The case ended up reaching the High Court in London, and after a forensic psychiatrist’s assessment, there was a turnaround in Susie’s favour. With the ‘great risk of harm’ exception in place and the fact that Mark only offered two weeks of accommodation for Susie and Grace as measures for their return, the parties ended up settling.

Although Susie had grounds to win, the fact that the parties went for a settlement meant that Mark couldn’t ask for a retrial of the case.

Despite everything turning in Susie’s favour, it wasn’t necessarily a relief for her. She had been through a very traumatic process to ensure her and her daughter’s safety, which she sees as a silver lining:

“It didn’t feel like a win. It was a relief, but it was painful because we hadn’t won anything; I had PTSD, I had no future, didn’t have any friends left in the UK… but we were safe.”

Although the cases of international abduction of children envision protecting the child, there is a great debate on what is classified as a ‘grave risk’ and what is the limit a mother has to reach to be protected from their abusers.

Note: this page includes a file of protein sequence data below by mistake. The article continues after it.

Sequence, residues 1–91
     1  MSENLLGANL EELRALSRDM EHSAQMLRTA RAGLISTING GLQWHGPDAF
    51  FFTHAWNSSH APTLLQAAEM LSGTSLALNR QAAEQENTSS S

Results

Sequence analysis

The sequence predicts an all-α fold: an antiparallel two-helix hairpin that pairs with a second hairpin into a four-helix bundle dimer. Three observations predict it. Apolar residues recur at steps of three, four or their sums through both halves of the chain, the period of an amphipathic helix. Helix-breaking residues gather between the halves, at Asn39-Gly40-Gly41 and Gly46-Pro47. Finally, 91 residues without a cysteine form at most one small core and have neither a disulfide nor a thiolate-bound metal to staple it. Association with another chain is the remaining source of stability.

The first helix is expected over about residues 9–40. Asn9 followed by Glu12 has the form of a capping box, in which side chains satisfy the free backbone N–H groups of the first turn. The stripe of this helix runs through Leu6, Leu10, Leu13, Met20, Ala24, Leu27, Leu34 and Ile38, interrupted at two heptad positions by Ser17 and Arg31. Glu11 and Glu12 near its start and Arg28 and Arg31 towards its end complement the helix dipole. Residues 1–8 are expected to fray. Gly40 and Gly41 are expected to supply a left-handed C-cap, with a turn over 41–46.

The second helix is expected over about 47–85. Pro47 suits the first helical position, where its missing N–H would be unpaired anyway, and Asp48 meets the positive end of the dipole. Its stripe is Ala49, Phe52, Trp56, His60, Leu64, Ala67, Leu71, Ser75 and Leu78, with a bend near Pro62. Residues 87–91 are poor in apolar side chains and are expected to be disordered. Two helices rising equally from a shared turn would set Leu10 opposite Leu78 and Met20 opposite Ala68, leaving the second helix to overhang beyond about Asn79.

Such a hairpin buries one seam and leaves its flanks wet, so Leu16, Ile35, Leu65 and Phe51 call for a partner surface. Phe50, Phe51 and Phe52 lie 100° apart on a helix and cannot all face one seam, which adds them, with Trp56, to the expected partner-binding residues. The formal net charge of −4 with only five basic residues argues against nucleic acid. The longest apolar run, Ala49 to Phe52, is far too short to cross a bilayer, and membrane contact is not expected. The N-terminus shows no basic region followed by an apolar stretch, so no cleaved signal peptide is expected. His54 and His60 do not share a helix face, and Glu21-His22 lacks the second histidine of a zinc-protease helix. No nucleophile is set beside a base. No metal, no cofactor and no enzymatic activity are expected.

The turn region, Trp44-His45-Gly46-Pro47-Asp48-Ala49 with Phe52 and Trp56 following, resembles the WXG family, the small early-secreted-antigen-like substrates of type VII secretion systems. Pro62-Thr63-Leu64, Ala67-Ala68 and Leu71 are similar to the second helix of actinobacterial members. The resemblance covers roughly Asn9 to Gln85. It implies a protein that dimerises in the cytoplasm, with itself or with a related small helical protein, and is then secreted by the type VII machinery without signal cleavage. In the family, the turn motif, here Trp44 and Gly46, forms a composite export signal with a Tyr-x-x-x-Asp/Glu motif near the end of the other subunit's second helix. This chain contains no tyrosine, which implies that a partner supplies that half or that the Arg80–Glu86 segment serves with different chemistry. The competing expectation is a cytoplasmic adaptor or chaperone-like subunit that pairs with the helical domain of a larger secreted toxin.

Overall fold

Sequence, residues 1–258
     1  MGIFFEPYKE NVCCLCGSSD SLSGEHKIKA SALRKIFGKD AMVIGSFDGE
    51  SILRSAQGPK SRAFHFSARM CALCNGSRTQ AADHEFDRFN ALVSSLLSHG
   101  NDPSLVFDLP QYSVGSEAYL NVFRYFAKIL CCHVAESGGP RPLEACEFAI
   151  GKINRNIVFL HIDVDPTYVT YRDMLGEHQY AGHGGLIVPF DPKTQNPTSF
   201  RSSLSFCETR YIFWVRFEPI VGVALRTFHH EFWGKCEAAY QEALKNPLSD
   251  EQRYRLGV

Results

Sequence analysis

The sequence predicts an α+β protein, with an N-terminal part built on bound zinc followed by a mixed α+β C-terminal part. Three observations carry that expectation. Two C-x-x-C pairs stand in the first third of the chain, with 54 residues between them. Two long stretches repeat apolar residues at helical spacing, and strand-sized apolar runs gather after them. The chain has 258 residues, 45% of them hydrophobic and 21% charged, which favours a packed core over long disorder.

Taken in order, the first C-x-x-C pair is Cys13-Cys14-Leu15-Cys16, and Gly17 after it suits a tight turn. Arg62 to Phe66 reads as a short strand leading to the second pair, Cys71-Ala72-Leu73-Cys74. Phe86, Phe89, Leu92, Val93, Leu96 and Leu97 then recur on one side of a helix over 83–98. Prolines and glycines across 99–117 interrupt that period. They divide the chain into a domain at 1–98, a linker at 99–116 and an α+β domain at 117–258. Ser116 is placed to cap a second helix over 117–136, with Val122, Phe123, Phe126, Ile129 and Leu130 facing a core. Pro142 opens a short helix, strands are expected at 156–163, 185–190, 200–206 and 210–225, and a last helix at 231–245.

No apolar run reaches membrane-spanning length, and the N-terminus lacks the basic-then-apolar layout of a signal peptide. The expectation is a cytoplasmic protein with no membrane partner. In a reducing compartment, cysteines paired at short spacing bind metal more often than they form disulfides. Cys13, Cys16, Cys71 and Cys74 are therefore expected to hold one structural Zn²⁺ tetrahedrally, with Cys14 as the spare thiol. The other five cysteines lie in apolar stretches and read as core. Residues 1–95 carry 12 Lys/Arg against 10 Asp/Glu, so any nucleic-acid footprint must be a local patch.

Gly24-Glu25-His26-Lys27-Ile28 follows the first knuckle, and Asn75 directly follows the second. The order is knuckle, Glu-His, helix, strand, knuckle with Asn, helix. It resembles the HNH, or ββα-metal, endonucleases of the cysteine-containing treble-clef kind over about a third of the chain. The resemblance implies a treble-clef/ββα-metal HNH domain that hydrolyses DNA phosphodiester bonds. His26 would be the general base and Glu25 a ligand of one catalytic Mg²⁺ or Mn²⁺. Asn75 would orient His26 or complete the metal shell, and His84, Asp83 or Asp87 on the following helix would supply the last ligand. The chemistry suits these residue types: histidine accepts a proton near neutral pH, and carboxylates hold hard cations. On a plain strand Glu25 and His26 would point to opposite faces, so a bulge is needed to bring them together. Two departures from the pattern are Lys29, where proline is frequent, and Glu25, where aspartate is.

Image by Gerd Altmann from Pixabay

According to Juliana Wahlgren, Revibra’s report revealed that amongst the 300 cases they have had in the past three years, 98% had proved domestic violence. However, sometimes the proof isn’t enough, or the violence is only against the woman, which the Brazilian judge wouldn’t extend to the family.

Nonetheless, this is not the only challenge when facing an international scenario: “Not every type of domestic violence is considered domestic violence in every country. For example, administrative violence isn’t considered domestic violence in the UK, whilst in Brazil, it is a type of protected violence.